A smart transmitter has a number of other capabilities as well. For instance, inputs can be varied, as denoted by A/D. If a temperature transmitter is a smart transmitter, it will accept millivolt signals from thermocouples and resistance signals from resistance temperature devices (RTDs), and thermistors.

Components of the smart transmitter are illustrated in the lower figure. The transmitter is built into a housing about the size of a softball as seen on the lower left. The controller takes the output signal from the transmitter and sends it back to the final control element. The communicator is shown on the right.

The communicator is a hand-held interface device that allows digital "instructions" to be delivered to the smart transmitters. Testing, configuring , and supply or acquiring data are all accomplished through the communicator. The communicator has a display that lets the technician see the input or output information. The communicator can be connected directly to the smart transmitter, or in parallel any where on the loop.

4.4 Smart transmitter microprocessor-based features

Smart transmitters also have the following features:

  • Configuration
  • Re-ranging
  • Characteristics
  • Signal conditioning
  • Self-diagnosis

    4.4.1 Configuration

    Smart transmitters can be configured to meet the demands of the process in which they are used. For example, the same transmitter can be set up to read almost any range or type of thermocouple, RTD, or thermistor. Because of this, they reduce the need for a large number of specific replacement devices.

    4.4.2 Re-ranging

    The range that the smart transmitter functions under can be easily changed from a remote location, for example by the technician in a control room. The technician or the operator has access to any smart device in the loop and does not even have to be at the transmitter to perform the change. The operator does need to use a communicator, however. A communicator allows the operator to interface with the smart transmitter. The communicator could be a PC, a programmable logic controller (PLC), or a hand-held device. The type of communicator depends on the manufacturer.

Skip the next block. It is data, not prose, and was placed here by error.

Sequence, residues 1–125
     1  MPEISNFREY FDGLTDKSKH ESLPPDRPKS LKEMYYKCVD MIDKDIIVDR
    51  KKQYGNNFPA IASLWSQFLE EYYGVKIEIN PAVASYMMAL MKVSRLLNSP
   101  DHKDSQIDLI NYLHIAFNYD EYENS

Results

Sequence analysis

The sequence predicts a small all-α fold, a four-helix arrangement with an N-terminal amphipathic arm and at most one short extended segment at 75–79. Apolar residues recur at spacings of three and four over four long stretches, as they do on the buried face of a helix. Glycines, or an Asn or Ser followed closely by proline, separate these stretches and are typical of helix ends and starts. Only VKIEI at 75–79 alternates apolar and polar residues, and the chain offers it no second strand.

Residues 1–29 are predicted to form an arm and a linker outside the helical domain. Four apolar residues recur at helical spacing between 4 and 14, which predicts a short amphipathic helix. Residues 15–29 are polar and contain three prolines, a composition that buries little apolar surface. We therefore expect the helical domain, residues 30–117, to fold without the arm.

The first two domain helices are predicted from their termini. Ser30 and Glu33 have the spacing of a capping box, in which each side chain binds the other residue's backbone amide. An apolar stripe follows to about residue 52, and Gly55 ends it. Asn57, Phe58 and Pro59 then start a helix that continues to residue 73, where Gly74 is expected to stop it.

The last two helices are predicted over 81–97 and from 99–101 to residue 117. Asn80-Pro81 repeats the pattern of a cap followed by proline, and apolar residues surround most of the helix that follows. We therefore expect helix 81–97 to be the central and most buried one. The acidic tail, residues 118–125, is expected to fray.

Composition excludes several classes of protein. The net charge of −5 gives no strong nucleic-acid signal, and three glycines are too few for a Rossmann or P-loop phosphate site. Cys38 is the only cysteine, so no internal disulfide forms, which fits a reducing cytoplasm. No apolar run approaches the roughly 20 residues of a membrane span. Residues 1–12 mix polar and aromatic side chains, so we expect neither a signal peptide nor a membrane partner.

Re-ranging is simple with the smart transmitter. For instance, using a communicator, the operator can change from a 100 ohm RTD to a type-J thermocouple just by reprogramming the transmitter. The transmitter responds immediately and changes from measuring resistance to measuring millivoltage.

    There is a wide range of inputs that a smart transmitter will accept. For instance, with pressure units, the operator can determine ahead of time whether to use inches of water, inches of mercury, psi, bars, millibars, pascals, or kilopascals.

    4.4.3 Characteristics

    Another characteristic of a smart transmitter is its ability to act as a stand-alone transmitter. In such a capacity, it sends the output signal to a distributed control system (DCS) or a PLC.

    4.4.4 Signal conditioning

    Smart transmitters can also perform signal conditioning, scanning the average signal and eliminating any "noise" spikes. Signals can also be delayed (dampened) so that the response does not fluctuate. This is especially useful with a rapidly changing process.

    4.4.5 Self-diagnosis

    Finally, a smart transmitter can diagnose itself and report on any problems in the process. For example, it can report on a circuit board which is not working properly.

    4.4.6 Summary of smart transmitter benefits

    There are distinct advantages in using a smart transmitter. The most important include ease of installation and communication, self-diagnosis, improved and digital reliability. Smart transmitters are also less subject to effects of temperature and humidity than analog devices. And although vibration can still affect them, the effects are far less than with analog devices. Smart transmitters also provide increased accuracy. And because can replace several different types of devices, using them allows for inventory reduction.

go to first page
First
go to previous page
Previous
go to next page
Next
go to last page
Last


Back to the Swot Shop

Copyright M.T. Tham (1996-2009)
Please email errors, comments or suggestions to ming.tham@ncl.ac.uk.